Prevention efforts step up after Zika case in Yangon

By HEIN KO SOE | FRONTIER

YANGON — Health authorities in Yangon have been carrying out Zika prevention efforts following the discovery of the country’s first case of the mosquito-borne virus.

No new cases of Zika have been uncovered since state media reported on October 27 that a pregnant foreigner had been diagnosed with the virus, the Yangon Region Public Health Department said.

“We are watching for further cases and taking preventative measures in the area where the first case was discovered,” said department deputy head Daw Khin Nang Mon.

The department began spraying Sanchaung Township, where the infected woman previously lived, immediately after the case was diagnosed. These anti-Zika activities continued through to the end of October.

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Khin Nang Mon said that one major challenge in responding to Zika is that only one in five carriers exhibit symptoms. This makes it difficult for health authorities to track the spread of the virus, she said.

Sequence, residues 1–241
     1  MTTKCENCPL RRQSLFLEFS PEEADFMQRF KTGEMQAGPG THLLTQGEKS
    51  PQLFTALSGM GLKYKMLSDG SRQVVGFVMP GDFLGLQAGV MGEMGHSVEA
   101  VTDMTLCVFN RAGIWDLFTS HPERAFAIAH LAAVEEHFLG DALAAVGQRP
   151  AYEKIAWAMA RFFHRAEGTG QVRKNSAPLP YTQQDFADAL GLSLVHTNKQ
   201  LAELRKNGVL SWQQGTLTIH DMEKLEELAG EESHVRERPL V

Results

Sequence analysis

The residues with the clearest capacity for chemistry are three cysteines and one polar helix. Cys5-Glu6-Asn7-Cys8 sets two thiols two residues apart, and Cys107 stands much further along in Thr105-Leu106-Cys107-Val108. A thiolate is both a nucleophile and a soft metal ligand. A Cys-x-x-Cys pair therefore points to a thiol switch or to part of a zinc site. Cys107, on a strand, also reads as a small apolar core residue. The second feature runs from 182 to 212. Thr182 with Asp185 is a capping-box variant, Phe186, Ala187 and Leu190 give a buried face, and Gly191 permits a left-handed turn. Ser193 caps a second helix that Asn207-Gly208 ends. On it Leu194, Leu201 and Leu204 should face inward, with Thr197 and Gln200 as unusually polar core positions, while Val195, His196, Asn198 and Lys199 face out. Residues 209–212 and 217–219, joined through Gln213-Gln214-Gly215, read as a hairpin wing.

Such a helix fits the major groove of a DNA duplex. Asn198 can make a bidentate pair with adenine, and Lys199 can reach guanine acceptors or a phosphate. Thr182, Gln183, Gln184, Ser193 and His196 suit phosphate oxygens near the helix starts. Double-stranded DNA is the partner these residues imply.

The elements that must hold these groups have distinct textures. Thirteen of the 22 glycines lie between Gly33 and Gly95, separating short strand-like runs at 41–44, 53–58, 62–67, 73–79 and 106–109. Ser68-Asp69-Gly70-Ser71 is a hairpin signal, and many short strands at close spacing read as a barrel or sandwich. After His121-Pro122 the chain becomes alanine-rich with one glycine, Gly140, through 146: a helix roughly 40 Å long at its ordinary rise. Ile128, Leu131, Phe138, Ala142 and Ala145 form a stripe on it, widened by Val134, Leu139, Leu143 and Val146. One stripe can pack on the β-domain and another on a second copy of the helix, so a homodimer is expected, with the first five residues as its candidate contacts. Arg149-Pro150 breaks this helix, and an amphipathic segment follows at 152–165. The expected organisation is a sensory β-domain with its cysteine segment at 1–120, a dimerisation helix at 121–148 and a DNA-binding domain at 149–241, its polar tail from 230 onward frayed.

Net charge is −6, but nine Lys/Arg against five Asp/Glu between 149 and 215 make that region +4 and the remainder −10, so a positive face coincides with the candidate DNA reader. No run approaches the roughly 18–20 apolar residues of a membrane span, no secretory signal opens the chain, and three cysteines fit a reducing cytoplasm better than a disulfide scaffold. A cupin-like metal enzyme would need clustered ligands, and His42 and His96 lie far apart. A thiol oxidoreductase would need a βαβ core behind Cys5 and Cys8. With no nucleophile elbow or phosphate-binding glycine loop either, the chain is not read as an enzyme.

According to the World Health Organization, Zika was first identified in a monkey in Uganda in 1947. During the 1970s and ’80s it spread from Africa to Asia, but until 2007 only 14 cases had been recorded in humans.

In 2015, an outbreak was reported in Brazil and since then it has spread to North and South America, the Pacific and Southeast Asia, with thousands of human cases reported. While the virus normally results in only a mild fever, in pregnant women it can be transmitted to fetuses and cause birth defects.

In Southeast Asia, Singapore and Thailand have been the most affected countries, with more than 800 cases.

By Hein Ko Soe

By Hein Ko Soe

Hein Ko Soe is a Myanmar reporter. Prior to joining Frontier he worked on staff at Mizzima.
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